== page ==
How did Romps get from a doctoral dissertation on the physics of string theory at Harvard (PhD, 2005) to a career in the physics of the climate?

“I decided to work on the climate problem―the most urgent problem of our time.” – David Romps

“My path to what I am doing now was circuitous,” he admits. “In the latter part of my graduate years, I decided to work on the climate problem―the most urgent problem of our time.”

As if to answer that concern, the American Meteorological Society published its annual State of the Climate report in late August 2021. The authors noted a widespread rise in average temperatures across the globe in 2020 and a rise in atmospheric carbon dioxide (CO2) levels, which are at the highest levels in at least the last 800,000 years.

Rising temperatures and CO2 levels are two main worries for Romps. He has pursued research looking into them, including his single-author 2020 paper on reducing the computational cost of some cloud-related greenhouse gas experiments. It touches on a value called equilibrium climate sensitivity (ECS), which (to a point) dramatically increases with higher surface temperatures.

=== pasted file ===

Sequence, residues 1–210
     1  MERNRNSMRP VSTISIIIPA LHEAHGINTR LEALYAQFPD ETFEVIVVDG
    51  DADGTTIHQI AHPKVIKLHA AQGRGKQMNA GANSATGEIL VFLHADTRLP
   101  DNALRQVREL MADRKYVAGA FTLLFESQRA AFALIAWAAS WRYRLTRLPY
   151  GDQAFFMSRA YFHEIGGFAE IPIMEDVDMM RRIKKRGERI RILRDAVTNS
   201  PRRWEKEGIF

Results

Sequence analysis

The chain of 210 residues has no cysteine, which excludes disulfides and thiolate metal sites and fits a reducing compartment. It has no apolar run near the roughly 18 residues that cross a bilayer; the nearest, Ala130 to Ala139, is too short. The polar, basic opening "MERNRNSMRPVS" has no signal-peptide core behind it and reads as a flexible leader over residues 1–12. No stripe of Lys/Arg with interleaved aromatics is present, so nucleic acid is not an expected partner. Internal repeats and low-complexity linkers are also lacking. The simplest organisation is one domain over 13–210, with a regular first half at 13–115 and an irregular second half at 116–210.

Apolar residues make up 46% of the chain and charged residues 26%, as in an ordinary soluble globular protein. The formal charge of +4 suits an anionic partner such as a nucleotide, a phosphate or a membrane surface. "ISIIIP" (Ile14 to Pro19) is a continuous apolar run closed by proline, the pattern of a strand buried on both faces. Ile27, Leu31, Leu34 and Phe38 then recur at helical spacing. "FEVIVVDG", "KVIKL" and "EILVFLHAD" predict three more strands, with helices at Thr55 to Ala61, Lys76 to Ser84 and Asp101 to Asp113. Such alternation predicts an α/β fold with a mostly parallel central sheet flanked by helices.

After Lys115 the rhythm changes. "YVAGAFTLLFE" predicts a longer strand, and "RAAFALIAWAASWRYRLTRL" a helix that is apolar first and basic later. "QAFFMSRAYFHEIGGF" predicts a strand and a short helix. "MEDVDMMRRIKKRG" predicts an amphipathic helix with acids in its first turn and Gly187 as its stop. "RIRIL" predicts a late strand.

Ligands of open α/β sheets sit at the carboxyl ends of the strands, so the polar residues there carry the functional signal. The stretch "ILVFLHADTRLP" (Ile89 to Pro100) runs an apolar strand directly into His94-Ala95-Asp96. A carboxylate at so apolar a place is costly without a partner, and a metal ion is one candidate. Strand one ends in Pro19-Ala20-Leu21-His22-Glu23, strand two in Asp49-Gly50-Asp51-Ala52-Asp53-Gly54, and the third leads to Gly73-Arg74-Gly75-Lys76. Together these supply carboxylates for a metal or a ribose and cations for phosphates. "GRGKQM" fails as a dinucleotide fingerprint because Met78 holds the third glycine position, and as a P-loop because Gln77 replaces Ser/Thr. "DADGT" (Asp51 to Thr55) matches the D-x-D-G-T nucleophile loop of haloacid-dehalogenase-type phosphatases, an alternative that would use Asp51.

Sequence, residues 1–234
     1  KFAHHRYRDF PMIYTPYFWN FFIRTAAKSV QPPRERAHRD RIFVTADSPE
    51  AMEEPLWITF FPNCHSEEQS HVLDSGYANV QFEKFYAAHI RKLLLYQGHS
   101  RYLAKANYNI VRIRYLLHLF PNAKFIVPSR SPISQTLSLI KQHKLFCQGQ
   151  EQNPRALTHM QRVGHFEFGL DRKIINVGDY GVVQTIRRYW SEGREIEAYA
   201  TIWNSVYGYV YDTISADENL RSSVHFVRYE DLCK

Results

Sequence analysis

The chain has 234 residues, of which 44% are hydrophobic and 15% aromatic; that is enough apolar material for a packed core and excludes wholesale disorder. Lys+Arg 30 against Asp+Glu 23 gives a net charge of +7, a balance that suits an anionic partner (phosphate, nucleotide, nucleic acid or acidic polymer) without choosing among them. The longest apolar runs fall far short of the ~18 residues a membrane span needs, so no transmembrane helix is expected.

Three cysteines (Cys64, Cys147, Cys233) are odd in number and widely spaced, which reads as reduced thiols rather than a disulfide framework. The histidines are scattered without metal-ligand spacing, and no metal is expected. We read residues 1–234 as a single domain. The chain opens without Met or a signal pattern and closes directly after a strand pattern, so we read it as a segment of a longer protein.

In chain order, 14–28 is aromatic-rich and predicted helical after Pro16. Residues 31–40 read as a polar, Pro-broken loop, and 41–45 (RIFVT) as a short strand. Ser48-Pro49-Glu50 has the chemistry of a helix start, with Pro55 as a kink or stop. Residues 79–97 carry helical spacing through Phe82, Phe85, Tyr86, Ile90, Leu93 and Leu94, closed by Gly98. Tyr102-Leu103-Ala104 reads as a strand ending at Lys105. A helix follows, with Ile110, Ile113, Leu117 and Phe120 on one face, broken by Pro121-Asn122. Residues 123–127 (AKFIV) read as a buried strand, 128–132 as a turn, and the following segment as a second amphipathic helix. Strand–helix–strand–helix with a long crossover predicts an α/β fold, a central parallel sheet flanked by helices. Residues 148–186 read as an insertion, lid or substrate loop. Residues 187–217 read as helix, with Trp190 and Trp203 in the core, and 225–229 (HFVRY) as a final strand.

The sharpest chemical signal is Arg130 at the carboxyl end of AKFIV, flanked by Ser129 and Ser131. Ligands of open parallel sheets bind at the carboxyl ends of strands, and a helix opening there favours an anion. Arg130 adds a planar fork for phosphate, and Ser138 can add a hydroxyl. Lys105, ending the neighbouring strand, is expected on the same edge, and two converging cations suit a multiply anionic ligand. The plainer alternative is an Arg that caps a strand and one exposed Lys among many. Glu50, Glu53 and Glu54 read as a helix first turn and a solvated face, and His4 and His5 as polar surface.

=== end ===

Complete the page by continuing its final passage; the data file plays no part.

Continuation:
ECS is not infinite, he says in a video explanation of the paper, and “we cannot push Earth to a runaway state by burning fossil fuels. (But) it doesn’t take a full runaway to ruin your day.”

Venus has undergone such a runaway state, he explains, because it was unable to shed increasing levels of heat. Today, its planetary surface is hot enough to melt lead.

‘We Find Ourselves Here’

At Harvard, Romps started researching string theory under the guidance of physicist Andrew Strominger, attracted by a theory “that has the potential to unify the various forces and to explain why the world is the way it is.”

String theory deals with physics in 10 or 11 dimensions, many of which are curled into “loops so small that they require high energies to probe them,” says Romps.

Instead, he turned his focus on what he calls “our very low-energy world. We live in a 4D world. We find ourselves where we are possible. We find ourselves here.”